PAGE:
First published in 1914, this wonderful book by Sir Frank Fox evokes the beauty of England and her customs. Republished one hundred years later by Beaumont Fox (the imprint of his great grandson Dr.Charles Goodson-Wickes). He warns of the threats to the countryside which are just as topical over a century later.
Frank Fox arrived in England from Australia in 1909. He was not uninformed about the country in which he was to spend all of his fairly long life. He had always been a voracious reader and had obtained many useful introductions beforehand. Indeed he spent his first night in England in All Souls, Oxford. Moreover his Father had been born in Kent.
That said, a “visitor from one of the overseas Dominions” was well placed to admire and describe the charms of rural England which many inhabitants might be inclined to take for granted.
Fox as an Imperialist often puts the landscape into an historical context. His prose is an eloquent reflection of the beauty he observes- as evidenced by his description of hedges:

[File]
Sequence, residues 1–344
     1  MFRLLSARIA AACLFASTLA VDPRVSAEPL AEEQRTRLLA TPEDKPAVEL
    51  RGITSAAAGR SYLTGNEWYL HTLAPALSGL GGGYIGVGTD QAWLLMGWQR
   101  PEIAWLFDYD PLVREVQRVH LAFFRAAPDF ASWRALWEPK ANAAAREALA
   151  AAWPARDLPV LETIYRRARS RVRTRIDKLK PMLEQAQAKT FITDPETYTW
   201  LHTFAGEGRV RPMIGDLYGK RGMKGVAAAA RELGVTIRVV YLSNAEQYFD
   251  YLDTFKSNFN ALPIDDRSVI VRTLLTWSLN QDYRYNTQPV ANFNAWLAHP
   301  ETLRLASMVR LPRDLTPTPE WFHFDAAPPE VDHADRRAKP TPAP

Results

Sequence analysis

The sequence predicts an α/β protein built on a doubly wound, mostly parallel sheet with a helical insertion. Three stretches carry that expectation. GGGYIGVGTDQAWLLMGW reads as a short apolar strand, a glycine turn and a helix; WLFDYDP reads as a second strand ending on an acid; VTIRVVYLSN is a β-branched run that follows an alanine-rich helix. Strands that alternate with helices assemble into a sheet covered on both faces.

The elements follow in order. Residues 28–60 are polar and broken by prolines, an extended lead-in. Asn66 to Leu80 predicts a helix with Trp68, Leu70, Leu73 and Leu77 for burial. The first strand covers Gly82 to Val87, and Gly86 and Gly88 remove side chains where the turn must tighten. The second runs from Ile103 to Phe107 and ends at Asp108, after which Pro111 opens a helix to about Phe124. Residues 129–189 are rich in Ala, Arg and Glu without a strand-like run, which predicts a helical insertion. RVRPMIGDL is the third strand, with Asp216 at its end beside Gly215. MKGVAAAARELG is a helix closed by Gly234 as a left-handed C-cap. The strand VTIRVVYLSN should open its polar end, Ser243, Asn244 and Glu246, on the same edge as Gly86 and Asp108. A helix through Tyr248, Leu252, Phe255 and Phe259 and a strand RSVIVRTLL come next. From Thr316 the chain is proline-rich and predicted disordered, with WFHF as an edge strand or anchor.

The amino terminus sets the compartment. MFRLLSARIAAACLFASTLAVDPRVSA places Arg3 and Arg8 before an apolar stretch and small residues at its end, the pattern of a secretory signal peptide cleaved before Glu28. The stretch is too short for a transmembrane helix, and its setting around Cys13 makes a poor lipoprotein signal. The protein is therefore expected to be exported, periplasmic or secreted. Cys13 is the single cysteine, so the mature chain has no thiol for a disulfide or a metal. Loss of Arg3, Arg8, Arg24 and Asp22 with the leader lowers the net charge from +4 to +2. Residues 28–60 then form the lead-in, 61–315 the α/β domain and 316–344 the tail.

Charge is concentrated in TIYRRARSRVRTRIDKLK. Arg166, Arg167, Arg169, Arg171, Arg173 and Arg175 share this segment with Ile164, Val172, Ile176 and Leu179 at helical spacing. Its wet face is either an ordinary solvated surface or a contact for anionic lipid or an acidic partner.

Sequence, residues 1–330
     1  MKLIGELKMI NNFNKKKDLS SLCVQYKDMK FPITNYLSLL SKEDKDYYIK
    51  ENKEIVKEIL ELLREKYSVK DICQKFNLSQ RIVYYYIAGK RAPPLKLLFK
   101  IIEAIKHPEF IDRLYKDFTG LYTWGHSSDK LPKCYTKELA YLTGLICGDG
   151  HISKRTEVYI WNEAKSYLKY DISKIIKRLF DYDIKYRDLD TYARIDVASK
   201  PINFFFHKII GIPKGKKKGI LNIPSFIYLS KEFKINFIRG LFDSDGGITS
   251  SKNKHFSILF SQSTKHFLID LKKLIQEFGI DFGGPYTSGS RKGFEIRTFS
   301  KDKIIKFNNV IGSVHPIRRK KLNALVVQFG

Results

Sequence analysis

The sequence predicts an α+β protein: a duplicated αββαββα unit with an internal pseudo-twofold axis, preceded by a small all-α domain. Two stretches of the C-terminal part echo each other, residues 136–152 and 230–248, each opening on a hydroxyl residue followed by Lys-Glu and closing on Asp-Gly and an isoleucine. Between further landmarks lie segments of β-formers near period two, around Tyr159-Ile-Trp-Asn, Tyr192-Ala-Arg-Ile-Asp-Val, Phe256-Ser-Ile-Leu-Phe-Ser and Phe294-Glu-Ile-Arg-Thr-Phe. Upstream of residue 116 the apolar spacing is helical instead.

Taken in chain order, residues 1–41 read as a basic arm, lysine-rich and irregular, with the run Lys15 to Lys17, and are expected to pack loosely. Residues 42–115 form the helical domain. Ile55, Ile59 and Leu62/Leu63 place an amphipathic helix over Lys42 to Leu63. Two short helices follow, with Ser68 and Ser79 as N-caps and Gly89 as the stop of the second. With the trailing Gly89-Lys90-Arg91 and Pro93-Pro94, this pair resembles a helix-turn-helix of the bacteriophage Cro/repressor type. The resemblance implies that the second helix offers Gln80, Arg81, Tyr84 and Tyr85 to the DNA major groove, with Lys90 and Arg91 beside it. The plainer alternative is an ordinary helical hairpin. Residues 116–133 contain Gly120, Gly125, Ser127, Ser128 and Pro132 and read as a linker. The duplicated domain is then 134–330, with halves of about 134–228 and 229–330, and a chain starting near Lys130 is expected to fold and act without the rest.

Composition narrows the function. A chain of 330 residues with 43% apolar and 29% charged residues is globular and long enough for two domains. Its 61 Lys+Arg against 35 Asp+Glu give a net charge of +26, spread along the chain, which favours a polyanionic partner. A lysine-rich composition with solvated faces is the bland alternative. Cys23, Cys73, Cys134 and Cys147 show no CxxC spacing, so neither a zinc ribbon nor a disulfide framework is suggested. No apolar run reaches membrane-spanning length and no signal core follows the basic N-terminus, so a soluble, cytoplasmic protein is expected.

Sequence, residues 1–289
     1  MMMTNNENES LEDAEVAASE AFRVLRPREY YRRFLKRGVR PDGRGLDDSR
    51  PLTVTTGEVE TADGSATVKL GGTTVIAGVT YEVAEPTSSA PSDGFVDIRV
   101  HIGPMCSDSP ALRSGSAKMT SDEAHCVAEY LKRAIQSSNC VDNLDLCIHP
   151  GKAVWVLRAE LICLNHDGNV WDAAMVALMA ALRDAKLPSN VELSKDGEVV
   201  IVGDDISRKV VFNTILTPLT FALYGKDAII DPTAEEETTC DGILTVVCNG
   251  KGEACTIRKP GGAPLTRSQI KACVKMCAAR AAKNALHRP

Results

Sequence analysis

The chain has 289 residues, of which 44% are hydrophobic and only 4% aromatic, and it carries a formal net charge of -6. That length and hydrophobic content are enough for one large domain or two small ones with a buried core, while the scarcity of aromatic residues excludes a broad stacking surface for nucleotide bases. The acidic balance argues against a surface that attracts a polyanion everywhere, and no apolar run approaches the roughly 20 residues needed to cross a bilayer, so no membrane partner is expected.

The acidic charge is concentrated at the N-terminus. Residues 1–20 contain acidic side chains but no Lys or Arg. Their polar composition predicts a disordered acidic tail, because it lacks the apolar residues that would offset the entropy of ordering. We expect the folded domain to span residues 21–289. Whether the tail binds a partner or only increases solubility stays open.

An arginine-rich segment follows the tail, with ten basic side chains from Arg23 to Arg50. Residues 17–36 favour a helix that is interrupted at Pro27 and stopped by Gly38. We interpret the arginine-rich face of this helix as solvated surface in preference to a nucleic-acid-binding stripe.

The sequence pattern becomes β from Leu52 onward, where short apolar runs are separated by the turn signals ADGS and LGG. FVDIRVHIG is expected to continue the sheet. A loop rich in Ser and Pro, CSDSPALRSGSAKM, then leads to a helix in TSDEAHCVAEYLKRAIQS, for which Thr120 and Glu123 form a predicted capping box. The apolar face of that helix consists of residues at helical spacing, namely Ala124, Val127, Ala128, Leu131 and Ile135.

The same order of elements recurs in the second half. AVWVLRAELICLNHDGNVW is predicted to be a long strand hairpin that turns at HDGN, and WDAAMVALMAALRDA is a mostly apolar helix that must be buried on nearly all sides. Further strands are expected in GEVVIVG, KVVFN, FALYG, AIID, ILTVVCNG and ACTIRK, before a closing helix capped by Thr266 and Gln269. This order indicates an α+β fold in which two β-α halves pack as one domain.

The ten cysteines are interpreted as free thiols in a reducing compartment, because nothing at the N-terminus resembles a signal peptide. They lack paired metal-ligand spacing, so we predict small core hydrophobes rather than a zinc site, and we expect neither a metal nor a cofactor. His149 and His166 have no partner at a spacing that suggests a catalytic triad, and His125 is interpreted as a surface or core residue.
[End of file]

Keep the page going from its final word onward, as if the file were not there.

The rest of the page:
“The hedges, which take up a considerable fraction of English arable soil, help to the park-like appearance of the country. They are inexpressibly beautiful when spring wakes them up to pipe their roulades in tender green. In summer they are splendid in blazon of leaf and flower. In autumn they flaunt banners of gold and red and brown. In winter, too, they are still beautiful, especially in the early winter when there still survive a few scarlet berries to glow and crackle and almost burn in the frost. If England, in a mood of thrift, swept away her hedges and put in their places fences (or that nice sense of keeping boundaries which enables the French cultivator to do without either), the saving of land would be enormous. But much of the park-like beauty of the country-side would depart; and with it the predominant note of the English landscape, which is that of the estate of a rich, careful, orderly nobleman.”
Reports of his extensive travels are enhanced by evocative illustrations throughout.